When to Use Para or Por in Spanish

Since I’ve started studying Spanish, I’ve had a little difficulty keeping straight when to use por and when to use para. It shouldn’t be that confusing, since they both mean “for,” right?

Well not exactly. It’s a little tricky keeping track of when to use por vs. para, but it’s really not that complicated if you keep a couple things in mind.

Students in Spain taking a break.

Image Source

The Big Picture

Before you start memorizing any rules, remember this simple high-level concept:

Por is all about the journey, while para is all about the destination.

That’s a really general statement, but it’s a good way to help you get started understanding the difference.

Por is about going through, along, or by something. But para is about getting to an endpoint or an end goal.

Visualize this:

  • You’re walking through a city, and it’s taking 2 hours. That’s por.
  • But you’re heading to the library, and you want to be there at 3:00 pm. That’s para.

At heart, that’s the difference between the two words.

The Details

Unfortunately, it gets a little more complicated than that. There are specific situations and scenarios when por or para are used specifically.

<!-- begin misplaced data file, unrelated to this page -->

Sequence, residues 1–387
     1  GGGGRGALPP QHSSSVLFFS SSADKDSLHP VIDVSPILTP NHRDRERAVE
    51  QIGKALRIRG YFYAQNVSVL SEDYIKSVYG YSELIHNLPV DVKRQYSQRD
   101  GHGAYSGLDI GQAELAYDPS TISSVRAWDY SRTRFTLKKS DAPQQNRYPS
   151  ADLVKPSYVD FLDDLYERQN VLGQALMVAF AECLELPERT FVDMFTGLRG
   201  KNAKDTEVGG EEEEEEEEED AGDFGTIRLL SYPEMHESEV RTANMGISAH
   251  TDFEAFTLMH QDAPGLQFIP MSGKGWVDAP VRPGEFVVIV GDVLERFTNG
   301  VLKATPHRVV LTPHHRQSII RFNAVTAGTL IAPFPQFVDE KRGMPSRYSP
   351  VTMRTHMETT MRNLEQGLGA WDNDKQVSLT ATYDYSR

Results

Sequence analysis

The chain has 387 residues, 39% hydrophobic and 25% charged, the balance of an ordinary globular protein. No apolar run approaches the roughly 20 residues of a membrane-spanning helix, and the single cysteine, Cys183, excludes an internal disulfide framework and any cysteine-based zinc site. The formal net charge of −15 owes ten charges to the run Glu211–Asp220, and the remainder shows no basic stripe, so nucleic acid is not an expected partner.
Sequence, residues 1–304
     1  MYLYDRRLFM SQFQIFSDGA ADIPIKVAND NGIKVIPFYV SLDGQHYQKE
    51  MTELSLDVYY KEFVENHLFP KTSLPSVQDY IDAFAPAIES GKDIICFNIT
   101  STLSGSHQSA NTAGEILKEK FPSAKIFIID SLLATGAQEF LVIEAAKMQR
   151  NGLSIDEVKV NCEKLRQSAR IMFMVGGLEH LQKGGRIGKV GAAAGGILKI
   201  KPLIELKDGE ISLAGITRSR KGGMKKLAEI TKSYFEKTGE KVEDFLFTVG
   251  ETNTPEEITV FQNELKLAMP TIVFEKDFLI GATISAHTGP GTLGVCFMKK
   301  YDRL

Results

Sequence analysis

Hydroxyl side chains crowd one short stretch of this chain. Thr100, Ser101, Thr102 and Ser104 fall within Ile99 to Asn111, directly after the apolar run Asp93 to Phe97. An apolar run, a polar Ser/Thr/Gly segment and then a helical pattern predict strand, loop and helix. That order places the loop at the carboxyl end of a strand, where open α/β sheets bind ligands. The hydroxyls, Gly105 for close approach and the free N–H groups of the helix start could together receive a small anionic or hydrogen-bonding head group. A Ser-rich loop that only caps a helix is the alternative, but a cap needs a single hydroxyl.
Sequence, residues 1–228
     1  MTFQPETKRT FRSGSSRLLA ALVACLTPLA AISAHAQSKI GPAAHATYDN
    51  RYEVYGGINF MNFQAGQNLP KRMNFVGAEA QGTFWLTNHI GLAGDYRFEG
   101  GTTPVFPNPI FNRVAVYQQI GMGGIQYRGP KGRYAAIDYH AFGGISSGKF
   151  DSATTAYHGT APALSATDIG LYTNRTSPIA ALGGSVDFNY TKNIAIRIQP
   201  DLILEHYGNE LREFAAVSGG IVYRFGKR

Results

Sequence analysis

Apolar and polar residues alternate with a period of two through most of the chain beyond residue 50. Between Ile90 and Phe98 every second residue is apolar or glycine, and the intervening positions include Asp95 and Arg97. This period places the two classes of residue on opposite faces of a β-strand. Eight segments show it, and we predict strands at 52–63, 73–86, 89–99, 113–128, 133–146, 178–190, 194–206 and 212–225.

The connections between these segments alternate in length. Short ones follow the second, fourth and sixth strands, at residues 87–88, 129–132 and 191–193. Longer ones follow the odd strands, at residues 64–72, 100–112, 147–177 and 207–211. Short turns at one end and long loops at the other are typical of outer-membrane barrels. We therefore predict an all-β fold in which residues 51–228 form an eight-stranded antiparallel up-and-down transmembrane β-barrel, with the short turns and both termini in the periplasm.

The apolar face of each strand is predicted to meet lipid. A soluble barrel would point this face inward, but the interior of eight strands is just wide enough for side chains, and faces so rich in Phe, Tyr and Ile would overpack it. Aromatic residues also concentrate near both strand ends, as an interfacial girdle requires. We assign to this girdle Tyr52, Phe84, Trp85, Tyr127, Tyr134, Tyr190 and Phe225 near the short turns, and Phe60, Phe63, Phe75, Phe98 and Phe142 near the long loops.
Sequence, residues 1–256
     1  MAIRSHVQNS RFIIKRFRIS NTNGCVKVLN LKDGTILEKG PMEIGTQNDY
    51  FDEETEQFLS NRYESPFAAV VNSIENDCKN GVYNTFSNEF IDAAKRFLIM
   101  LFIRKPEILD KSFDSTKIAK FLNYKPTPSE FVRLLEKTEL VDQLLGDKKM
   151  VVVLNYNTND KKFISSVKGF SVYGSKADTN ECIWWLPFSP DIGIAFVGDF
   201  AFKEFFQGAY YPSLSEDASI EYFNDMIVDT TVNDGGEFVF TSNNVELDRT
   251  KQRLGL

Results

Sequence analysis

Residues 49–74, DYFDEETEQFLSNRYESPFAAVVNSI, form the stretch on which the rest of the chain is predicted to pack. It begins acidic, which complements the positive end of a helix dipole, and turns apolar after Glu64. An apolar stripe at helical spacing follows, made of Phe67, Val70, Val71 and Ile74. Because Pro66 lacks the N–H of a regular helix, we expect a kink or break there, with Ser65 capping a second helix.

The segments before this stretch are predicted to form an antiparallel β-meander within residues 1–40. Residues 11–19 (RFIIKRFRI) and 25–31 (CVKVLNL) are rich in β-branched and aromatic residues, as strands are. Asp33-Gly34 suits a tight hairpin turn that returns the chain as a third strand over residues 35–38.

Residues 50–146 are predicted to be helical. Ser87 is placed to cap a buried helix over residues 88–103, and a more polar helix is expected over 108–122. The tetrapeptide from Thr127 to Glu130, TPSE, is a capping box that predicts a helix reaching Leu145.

There are dozens of little “rules” out there about when to use one over the other. But honestly, you probably don’t need to memorize them all. I think that 80% of most learners’ confusion can be eliminated by memorizing 8 different scenarios, something you can do in afternoon.

These 8 scenarios are in the following if/then table:

Por or Para? (Click to view larger)

Not too bad, right? (I knew my career as a technical writer making if/then charts would come in handy someday.)

Even More Details

You can memorize more of these rules if you want, but I really think it’s more useful if you just pay attention to how people speak, and try to copy them. There are some phrases that use por that would sound absolutely wrong if you tried to use para instead:

  • por ejemplo (for example)
  • por ciento (percent)
  • ¿Por qué? (why?)
  • por favor (please)

But if you’ve spent even a little time studying Spanish, you’d never say any of those phrases with para.

With grammar, it’s useful to learn a little actively, but it’s better to absorb it via exposure.

¡Gracias por escucharme!


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